BEIRUT Two car bombs exploded in southern Syria and a rocket slammed into a building in the north in a spike in civil war violence Friday that Syrian state media blamed on rebel fighters trying to topple President Bashar Assad.
The rocket attack in the northern city of Aleppo and the suicide car bombings in Daraa, south of Damascus, occurred during a particularly bloody week nearly two years after an uprising began against Assad's regime. On Thursday, opposition activists said pro-government militia swept through a town in central Syria, torching houses and killing more than 100 people.
Both sides have been blaming each other for the recent attacks, and it was the second time in a week that the government accused rebels of firing rockets.
The state-run SANA news agency said the morning attack in Aleppo was carried out by terrorists, a term the regime uses for rebels. But the Local Coordination Committees of Syria, an activist group, and the Aleppo Media Center, a network of anti-regime activists, accused the government of launching an airstrike.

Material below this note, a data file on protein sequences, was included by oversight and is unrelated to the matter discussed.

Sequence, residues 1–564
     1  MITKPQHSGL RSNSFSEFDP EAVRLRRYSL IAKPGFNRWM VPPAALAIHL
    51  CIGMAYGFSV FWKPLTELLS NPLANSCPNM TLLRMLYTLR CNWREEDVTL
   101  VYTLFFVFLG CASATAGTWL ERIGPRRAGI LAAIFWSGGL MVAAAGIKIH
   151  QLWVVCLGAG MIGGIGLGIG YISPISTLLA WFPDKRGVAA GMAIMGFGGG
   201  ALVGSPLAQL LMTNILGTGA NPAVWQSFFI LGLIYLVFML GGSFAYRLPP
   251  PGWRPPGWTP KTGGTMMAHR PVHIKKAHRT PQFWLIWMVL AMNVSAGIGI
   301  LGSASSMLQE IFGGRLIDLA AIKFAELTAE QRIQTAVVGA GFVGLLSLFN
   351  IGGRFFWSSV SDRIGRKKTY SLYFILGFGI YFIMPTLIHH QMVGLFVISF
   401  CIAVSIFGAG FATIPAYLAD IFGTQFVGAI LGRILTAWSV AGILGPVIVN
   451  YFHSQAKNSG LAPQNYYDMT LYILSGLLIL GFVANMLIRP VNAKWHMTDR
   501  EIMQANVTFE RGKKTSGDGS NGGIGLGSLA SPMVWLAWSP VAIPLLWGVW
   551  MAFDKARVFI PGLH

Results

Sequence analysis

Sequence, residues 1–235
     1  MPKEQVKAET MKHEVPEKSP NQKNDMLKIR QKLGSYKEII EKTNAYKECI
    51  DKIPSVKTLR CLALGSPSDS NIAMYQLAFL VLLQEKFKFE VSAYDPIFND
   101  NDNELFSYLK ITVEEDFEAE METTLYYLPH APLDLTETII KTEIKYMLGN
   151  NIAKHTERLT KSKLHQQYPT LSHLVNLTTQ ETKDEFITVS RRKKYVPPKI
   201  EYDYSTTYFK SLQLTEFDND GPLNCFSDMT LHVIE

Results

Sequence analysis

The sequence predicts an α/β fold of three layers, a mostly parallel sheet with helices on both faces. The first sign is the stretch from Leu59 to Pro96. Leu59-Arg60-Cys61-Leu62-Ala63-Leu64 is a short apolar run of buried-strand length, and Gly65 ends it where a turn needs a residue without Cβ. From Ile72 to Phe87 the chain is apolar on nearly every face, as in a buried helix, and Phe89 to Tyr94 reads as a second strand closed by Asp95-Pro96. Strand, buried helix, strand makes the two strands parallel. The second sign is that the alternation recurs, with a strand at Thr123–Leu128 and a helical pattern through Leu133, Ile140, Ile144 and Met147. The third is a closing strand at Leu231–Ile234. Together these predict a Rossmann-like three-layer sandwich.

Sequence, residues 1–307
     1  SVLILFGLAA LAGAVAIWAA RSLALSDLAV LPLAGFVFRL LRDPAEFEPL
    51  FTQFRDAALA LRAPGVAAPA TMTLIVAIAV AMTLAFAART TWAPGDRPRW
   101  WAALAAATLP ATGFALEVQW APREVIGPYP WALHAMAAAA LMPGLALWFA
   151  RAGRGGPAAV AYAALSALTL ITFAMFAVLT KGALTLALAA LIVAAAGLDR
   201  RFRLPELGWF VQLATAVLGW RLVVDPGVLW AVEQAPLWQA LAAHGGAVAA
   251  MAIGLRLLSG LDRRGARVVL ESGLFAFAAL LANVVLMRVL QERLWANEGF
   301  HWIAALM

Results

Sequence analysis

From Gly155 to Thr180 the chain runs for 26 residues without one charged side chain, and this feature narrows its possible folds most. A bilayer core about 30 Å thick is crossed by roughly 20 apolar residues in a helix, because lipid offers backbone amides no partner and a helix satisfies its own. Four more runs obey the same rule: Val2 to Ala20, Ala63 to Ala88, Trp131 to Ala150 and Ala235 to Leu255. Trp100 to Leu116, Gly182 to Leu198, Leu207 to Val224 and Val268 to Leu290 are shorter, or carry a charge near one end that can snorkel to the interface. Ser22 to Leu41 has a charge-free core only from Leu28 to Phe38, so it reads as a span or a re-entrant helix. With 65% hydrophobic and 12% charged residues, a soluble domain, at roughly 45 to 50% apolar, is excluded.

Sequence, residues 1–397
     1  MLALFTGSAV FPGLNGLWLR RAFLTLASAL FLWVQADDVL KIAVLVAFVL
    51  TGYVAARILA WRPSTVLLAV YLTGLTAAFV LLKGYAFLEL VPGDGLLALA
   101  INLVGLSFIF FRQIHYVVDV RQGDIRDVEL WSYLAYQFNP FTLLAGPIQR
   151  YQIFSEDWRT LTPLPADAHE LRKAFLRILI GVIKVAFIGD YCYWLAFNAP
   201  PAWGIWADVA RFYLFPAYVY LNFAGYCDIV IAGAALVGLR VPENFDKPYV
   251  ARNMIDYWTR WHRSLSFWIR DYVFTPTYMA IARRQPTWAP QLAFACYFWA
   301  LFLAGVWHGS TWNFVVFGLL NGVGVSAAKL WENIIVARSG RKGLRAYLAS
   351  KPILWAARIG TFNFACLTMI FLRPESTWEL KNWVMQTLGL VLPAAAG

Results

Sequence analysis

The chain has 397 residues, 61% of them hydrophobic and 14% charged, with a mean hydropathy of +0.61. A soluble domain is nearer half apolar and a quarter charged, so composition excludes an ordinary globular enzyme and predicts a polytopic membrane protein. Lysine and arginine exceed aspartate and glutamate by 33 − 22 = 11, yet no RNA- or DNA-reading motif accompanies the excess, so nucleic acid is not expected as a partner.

On Tuesday, 87 people were killed in twin blasts at Aleppo University. The regime said rebels hit the university with rockets. Rebels said the deaths resulted from regime airstrikes.
Syria's state-run TV claimed that shortly after the rocket hit the building in Aleppo, militants linked to an al Qaeda group detonated cars filled with explosives near a mosque in Daraa as worshippers were leaving following Friday prayers.
Video broadcast on Syrian state TV showed several floors of the targeted building collapsed in a government-controlled area of Aleppo, Syria's largest urban center and main commercial hub. The video showed a man carrying a baby out of the damaged building and another man was seen clutching his head as blood ran down his forehead. Residents were also seen looking for people buried in the rubble. At least one injured person on a stretcher was seen being carried away in a Red Crescent ambulance.
State TV reports said both attacks caused many casualties, but it was not immediately known how many people were killed or wounded in the two cities both major fronts in the civil war.